So, at this point this was the state of play:

  • BA had checked Joanna in into an unusable seat after the aircraft had already been brought to the gate.
  • The aircraft had been at the gate for two and half hours (with a broken seat) and no one thought to page her to let her know of the issue.
  • The communication was so bad that the gate agents allowed her to board an aircraft on which she had no seat
  • The CSD could not say if she was going to be able to fly

We were not impressed!

Still, it’s never a great idea to get visibly angry in these situations (no point in annoying the only person who has the power to help you) so I calmly pointed out the irony of the upgrade to the CSD and suggested that the person in Joanna’s exit row seat (the one booked almost a year in advance) should be the one not to fly and not Joanna.

Yes, that could be considered a selfish point of view but frankly I didn’t care – we were flying out for 4 nights and I really didn’t want Joanna (or both of us) to lose one of those nights because BA can’t maintain its aircraft.

The CSD had an iPad out and could apparently see the whole progress of our booking and agreed that it seemed more than a little harsh to bump Joanna considering the circumstances…..but that didn’t really count for much at this point. The aircraft only had a set number of working seats and, at this point, the number of checked-in passengers outnumbered them.

15 minutes elapsed as Joanna and I waited in the galley area to find out what the outcome would be when, finally, the CSD reappeared with a new boarding pass for Joanna for seat 12F.


I have no idea if someone else got bumped to accommodate Joanna (there was a teenager in the jump seat just ahead of row 12 so that may have something to do with this) but I was just very, very grateful that the CSD had worked some magic.

I’ve already written about how pathetic BA’s communications were during the IT meltdown but I’m really not sure how the airline screwed this reservation up quite so badly.

It’s inconceivable that someone hadn’t noticed the completely destroyed seat in row 12 and the inoperable seat in row 13 in the time between the aircraft arriving at the gate and boarding being called… how on earth was Joanna (a) not informed and (b) allowed to board?!

The incompetence beggars belief.

Why I Didn’t Want Us Upgraded Anyway

In all honesty I would have taken just about any seat on the plane if it meant both Joanna and I could fly on our scheduled flight (naturally I would have given Joanna my confirmed and working seat in Club Europe) but it’s still worth mentioning why I didn’t want us upgraded in the first place.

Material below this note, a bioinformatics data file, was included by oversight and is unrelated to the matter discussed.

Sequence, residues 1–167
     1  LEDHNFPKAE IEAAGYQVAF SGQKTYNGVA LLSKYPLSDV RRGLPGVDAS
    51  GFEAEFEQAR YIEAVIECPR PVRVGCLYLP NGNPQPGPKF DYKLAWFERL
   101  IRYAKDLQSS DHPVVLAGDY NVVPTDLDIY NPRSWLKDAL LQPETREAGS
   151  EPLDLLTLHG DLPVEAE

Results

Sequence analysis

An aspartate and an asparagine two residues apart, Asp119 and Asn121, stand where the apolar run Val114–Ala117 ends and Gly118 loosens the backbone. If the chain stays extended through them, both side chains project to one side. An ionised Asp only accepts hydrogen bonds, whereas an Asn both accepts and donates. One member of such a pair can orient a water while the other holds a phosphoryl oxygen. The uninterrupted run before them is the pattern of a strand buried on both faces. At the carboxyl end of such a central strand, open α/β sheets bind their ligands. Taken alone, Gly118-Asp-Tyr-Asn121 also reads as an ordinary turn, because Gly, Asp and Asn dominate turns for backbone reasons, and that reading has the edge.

Club Europe seating isn’t comfortable…..not even on a wide body aircraft like the 767.

Here are the two seats we were originally booked into:

a seat in an airplaneBritish Airways 767 Economy Class Row 27

And here is what a regular Club Europe seat pair looks like on the 767:

a seat with a bag of packages on it

See what I mean?

There is acres of room in the exit row while the Club Europe seats are cramped and are in no way a premium product.

I book most of my British Airways short-haul trips way in advance specifically to make sure I can pick exit row seats to maximise comfort….especially on flights of over 4 hours like this one. Getting “upgraded” out of these seats is never, ever, a good outcome for me – I don’t need free drink and food as I’ve usually eaten in the lounge and I usually have a rental car waiting for me at the other end. I just want a bit of space on the aircraft.

Bottom Line

In the grand scheme of things everything ended up ok (although there is another slightly dramatic story involving this flight that I’ll write about in due course) so there was no disaster here….but the incompetence on show was staggering.

I felt genuine pity for the CSD who had clearly done his bit to let the ground staff know of the situation on board only to have his colleagues let him down in spectacular fashion….and then left him to do all the explaining.

I was also incredibly thankful that he found Joanna a seat on the flight and that we weren’t seriously inconvenienced…..although the wait to see if Joanna would get a seat is something we could have done without.

People sometimes ask me if, perhaps, I bash British Airways a little too much and my answer is always the same – If I had the time I’d bash them even more.

This is an appallingly run airline with an ever-increasing lack of regard for their customers and their cabin crew – it’s only a matter of time before this is reflected in the company’s bottom line and then, perhaps, we’ll finally see senior management get its comeuppance.

There appears to be a relentless fixation with cost cutting at BA with little regard for the effect this is having on the product being sold to travelers.

The sooner Alex “low cost” Cruz and Wille “show me the f***ing money” Walsh are parted from BA/IAG the better…perhaps then BA will go back to being worthy of being the nation’s flag carrier.